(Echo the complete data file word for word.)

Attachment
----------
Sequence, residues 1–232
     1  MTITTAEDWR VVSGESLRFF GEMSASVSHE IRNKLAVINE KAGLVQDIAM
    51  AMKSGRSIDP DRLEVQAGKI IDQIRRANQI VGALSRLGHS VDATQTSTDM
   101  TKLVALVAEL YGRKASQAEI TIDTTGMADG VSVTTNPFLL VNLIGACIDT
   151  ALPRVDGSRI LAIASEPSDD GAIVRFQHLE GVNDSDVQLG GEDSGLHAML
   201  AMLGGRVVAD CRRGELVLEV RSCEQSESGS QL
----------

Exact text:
Sequence, residues 1–232
     1  MTITTAEDWR VVSGESLRFF GEMSASVSHE IRNKLAVINE KAGLVQDIAM
    51  AMKSGRSIDP DRLEVQAGKI IDQIRRANQI VGALSRLGHS VDATQTSTDM
   101  TKLVALVAEL YGRKASQAEI TIDTTGMADG VSVTTNPFLL VNLIGACIDT
   151  ALPRVDGSRI LAIASEPSDD GAIVRFQHLE GVNDSDVQLG GEDSGLHAML
   201  AMLGGRVVAD CRRGELVLEV RSCEQSESGS QL